Friday, March 12, 2010

Amur Tigers Starve To Death In China

It has been reported that eleven Siberian (Amur) Tigers have died at the privately owned 'Shenyang Forest Wild Animal Zoo' in the freezing Liaoning province of China during the past three months.

Zoo authorities have put the cause of deaths down to various, unstipulated diseases, with the exception of two animals which were shot by police as they attacked a zoo keeper back in November.

Media sources have stated that the zoo was in severe financial troubles, were unable to pay employees and had been attempting to sell up but was unable to find a buyer. Meanwhile a local animal protection group said that the tigers were being kept indoors in small cramped cages and fed on a severely inadequate diet of chicken bones.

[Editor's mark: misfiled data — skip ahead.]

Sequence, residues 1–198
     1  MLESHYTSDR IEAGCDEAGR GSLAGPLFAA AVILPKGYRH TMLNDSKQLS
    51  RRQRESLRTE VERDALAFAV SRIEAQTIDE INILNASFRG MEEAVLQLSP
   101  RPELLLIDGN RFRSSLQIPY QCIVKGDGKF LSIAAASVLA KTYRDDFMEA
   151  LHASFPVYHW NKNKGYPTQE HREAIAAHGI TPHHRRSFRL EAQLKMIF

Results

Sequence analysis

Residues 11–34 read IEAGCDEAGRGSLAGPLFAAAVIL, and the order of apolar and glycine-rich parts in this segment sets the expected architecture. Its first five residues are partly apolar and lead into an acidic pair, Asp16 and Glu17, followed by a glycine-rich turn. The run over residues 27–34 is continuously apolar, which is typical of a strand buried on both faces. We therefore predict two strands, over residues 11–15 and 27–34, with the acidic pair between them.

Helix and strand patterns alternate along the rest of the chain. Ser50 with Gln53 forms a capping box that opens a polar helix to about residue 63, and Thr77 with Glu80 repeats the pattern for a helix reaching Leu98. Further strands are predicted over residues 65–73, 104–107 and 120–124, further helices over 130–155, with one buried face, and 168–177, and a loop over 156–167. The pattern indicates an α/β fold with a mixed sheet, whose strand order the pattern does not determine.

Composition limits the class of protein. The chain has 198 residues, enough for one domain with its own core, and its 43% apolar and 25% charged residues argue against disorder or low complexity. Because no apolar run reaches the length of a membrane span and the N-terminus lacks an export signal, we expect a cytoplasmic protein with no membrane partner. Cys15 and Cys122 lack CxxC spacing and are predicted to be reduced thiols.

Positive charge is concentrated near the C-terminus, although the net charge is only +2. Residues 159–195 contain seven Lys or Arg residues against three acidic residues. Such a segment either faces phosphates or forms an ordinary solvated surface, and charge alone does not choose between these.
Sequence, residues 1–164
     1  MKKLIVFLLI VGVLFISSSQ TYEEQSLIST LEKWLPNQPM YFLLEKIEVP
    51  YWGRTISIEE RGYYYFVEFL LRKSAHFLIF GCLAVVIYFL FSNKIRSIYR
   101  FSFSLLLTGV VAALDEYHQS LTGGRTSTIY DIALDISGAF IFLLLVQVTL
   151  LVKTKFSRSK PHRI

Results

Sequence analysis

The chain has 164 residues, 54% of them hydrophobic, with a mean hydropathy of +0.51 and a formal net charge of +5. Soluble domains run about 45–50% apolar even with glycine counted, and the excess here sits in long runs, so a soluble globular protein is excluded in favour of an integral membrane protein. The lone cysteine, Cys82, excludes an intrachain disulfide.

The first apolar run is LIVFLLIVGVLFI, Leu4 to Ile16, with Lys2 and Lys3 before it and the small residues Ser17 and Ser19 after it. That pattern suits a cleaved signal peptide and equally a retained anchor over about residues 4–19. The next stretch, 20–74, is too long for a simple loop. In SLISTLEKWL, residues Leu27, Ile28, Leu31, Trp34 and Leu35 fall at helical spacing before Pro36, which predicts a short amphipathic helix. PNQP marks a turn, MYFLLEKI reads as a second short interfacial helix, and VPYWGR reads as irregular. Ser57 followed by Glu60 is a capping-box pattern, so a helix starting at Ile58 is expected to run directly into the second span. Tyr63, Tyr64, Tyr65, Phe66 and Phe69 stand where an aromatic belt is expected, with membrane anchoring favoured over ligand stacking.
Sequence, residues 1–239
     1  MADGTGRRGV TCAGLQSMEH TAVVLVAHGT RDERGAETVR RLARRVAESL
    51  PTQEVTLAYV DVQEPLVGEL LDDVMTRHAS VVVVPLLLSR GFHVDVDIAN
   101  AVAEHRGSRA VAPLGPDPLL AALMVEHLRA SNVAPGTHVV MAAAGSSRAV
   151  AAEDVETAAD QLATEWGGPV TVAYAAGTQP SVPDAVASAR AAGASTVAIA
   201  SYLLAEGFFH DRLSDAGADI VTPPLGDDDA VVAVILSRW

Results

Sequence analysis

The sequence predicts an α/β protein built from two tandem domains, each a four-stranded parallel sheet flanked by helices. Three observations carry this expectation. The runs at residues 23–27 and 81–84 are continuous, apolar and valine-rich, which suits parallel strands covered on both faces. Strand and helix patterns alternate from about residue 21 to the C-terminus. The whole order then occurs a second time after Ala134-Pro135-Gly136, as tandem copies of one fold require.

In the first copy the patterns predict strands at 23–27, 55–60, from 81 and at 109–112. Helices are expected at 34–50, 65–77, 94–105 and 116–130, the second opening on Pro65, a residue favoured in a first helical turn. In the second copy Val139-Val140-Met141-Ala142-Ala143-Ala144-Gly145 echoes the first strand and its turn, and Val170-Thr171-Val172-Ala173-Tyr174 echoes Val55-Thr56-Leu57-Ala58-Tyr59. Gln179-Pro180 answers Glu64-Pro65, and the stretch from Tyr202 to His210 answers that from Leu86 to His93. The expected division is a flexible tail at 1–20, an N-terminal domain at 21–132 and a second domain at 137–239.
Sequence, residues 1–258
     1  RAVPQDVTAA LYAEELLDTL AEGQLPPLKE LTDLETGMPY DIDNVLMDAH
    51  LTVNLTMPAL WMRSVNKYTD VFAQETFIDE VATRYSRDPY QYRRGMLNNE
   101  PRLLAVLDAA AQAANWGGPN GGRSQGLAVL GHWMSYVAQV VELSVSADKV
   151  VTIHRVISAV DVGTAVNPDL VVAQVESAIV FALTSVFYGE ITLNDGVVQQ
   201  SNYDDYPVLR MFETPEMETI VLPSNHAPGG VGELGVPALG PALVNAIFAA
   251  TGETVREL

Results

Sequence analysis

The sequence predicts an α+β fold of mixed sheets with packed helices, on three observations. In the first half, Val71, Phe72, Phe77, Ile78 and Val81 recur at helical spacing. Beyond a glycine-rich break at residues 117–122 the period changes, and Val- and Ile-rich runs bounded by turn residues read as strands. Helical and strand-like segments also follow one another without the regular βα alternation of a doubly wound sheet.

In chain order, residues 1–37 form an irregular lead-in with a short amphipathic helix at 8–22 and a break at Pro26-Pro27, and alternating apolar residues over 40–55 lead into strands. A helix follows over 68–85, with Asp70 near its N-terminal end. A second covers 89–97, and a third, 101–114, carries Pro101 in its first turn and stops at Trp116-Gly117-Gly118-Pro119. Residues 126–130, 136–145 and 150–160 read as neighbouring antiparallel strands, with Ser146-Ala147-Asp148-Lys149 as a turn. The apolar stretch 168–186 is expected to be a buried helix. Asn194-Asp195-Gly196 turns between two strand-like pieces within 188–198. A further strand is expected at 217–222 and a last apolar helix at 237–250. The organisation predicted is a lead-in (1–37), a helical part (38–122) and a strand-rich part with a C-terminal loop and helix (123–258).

Although the Siberian Tiger (Panthera tigris altaica) is a rare tiger sub-species it is unlikely that these dead animals are recorded in a studbook anywhere and the parentage will range from uncertain to debateable. Sad as the loss of the animals is they would have been valueless from a conservation point of view.

There are presently some 6000 Tigers held in captivity in China. Many of these are in the infamous Tiger Farms. Most of the animals held are in unmanaged populations and are hybrid or white tigers which are of no value whatsoever to the World Zoo conservation efforts.

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